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Parents Want Answers After School Rash Epidemic

UPDATED 03/10/11 11:36 a.m.

CHICAGO (CBS) -- Parents want answers about what happened inside a Chicago Public elementary school, a day after more than 30 children were sent to the hospital.

As CBS 2's Susanna Song reports, on Wednesday, paramedics took 31 children from the Cameron Elementary School, 1234 N. Monticello Ave., after they developed a mysterious rash.

Officials said the children suffered from some kind of rash, but the exact cause was unclear.

On Thursday morning, more than a dozen parents gathered outside the school. They said they kept their children at home for their own safety.

Janelle Cirado, 12, was one of the students who was taken to the hospital.

"Terrified, terrified," said her mother, Mary Cirado. "She said, 'Mom, two women scrubbed me down. I was terrified.' She said it was itching and burning on her leg and on her arm. She had bumps on her arm and on her legs."

Hospital workers wore hazardous materials decontamination suits as they brought in children's backpacks and belongings, so as not to risk their own safety.

Mary Cirado said doctors told her daughter she had been exposed to a chemical substance.

"We were told that it was a chemical reaction to something. They really don't know what it is. They did tell me that she was scrubbed down, and we're here because we want the whole school scrubbed down," she said. "My daughters are not safe here. That's the reason why I didn't bring them today."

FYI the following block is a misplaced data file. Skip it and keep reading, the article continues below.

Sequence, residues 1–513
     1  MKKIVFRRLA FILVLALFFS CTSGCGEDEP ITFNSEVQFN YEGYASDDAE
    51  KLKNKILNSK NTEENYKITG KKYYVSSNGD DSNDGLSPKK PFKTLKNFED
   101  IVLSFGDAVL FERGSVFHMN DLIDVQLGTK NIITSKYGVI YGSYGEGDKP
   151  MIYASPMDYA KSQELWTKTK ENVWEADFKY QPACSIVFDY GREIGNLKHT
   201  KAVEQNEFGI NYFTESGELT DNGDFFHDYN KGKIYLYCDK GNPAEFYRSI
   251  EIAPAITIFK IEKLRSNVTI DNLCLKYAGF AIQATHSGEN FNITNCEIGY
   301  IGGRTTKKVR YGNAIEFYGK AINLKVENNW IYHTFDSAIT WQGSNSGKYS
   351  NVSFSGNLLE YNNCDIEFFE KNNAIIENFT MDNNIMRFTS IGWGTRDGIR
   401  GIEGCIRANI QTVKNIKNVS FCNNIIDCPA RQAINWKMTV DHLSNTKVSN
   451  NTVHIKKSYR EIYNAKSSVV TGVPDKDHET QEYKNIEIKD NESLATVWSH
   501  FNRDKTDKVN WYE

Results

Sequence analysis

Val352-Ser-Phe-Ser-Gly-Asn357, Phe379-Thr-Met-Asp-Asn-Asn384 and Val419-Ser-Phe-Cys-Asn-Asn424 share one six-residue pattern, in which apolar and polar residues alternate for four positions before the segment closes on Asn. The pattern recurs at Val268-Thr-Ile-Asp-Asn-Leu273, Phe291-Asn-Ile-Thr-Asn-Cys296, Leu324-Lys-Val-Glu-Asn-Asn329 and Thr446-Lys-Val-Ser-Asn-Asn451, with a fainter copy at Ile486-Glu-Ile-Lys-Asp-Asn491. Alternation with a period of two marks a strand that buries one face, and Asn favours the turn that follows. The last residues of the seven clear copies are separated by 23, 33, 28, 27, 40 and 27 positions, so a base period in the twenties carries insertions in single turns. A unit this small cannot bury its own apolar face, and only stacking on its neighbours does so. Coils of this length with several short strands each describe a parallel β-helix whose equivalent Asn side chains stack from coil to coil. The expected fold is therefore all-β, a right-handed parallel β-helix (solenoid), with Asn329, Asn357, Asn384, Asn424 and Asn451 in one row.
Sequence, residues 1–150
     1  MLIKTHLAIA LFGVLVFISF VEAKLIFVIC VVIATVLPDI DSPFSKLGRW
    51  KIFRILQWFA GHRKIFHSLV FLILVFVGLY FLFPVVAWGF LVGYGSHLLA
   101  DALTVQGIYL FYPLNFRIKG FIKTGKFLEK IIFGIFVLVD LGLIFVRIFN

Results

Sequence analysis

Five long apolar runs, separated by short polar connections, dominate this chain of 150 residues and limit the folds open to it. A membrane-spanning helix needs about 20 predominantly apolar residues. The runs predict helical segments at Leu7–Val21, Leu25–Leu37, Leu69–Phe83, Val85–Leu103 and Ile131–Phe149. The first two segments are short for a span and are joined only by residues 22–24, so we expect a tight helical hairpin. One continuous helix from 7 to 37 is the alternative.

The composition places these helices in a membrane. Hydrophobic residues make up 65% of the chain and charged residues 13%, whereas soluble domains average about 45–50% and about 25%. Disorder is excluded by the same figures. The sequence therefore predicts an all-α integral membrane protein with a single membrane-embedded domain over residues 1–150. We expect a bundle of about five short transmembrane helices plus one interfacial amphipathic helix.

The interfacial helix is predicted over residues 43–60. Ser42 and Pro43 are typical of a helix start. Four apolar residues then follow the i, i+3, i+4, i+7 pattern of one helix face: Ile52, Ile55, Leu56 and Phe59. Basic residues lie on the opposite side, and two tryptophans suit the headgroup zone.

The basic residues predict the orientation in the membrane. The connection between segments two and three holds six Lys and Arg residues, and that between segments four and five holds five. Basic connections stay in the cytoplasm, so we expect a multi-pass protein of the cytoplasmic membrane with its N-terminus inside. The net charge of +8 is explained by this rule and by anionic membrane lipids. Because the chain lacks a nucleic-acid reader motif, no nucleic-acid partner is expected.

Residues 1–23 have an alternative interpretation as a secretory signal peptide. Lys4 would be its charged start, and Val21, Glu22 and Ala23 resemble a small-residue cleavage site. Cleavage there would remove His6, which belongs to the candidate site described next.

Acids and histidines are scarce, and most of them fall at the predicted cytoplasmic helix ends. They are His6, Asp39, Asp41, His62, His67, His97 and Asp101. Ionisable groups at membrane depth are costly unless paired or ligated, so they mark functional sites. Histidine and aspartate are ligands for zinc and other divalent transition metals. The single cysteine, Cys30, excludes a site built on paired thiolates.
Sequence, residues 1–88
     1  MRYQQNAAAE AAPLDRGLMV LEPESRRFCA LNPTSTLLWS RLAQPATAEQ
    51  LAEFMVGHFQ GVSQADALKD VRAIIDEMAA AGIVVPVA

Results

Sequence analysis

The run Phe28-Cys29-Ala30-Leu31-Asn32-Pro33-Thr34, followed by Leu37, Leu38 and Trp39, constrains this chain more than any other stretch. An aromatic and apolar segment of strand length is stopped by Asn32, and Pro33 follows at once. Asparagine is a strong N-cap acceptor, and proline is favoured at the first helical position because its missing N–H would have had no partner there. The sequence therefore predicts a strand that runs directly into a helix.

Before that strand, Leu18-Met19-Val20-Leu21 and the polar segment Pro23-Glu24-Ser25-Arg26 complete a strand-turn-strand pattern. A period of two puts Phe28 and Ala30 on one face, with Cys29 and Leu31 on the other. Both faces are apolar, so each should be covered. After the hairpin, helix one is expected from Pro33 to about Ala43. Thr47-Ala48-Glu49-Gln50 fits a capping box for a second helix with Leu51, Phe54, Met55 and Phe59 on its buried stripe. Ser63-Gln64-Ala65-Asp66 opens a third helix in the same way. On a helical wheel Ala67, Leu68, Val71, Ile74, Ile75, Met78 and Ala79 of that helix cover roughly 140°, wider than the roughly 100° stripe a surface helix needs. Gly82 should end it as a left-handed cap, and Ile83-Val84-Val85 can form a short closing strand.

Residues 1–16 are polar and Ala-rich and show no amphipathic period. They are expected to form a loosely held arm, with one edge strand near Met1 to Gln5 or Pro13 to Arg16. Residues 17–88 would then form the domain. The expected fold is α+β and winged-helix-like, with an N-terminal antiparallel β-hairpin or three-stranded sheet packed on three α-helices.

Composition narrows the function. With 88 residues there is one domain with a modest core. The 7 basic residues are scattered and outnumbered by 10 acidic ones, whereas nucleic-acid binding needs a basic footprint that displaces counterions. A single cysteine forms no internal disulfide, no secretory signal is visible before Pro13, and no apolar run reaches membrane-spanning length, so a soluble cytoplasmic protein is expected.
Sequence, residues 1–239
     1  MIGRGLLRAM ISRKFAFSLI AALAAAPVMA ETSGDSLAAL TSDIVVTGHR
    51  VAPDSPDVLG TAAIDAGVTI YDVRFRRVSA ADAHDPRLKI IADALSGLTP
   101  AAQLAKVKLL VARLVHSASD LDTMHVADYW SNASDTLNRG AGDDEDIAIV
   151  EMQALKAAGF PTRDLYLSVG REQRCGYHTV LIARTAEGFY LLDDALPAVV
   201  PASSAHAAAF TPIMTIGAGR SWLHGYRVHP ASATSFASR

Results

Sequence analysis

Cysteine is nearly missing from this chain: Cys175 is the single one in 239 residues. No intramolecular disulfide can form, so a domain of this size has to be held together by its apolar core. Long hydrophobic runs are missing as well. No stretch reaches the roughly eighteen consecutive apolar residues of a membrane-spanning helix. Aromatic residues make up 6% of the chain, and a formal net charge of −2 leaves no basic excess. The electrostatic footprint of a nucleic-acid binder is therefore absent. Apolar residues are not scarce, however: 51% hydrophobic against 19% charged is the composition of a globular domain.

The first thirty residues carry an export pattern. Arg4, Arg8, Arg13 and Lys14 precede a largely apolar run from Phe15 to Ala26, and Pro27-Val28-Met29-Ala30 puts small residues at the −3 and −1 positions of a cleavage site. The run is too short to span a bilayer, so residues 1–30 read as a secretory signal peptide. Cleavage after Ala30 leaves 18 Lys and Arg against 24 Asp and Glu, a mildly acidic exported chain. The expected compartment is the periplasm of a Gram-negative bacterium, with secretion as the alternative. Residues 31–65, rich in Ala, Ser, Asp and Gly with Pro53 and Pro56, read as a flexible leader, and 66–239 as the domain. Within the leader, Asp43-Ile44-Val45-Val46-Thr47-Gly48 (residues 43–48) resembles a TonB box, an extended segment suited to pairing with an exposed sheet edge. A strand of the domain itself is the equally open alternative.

All the affected students had been in an art class, and the principal isolated the first-floor art room as a precaution.

School officials said the students were only using crayons, paper and other typical art class supplies, nothing that would be toxic.

Chicago Public Schools spokeswoman Monique Bond added that firefighters and hazmat teams said there was no indication of any type of toxic school or contamination, and there were no fumes detected.

A Fire Department spokesman said the students' symptoms were initially believed to be psychosomatic.

But another mother said her daughter's doctor pointed to construction fumes as a possible cause for the rash.

"So it makes her feel said because she felt her child was safe in the school," said Lisa Andino, who translated for the mother, Laura Cross.

CPS says there is no construction going on at the school.

The parents say they won't send their kids back to class until every room is cleaned – not just the auditorium and art room where the rashes were detected.

But CPS said in a statement Thursday that they did indeed clean the whole school before it opened for classes Thursday. Crisis management and safety staff are also at the school for the second day.

The American Red Cross is planning to cover the hospital bills that some of the families can't afford to pay.

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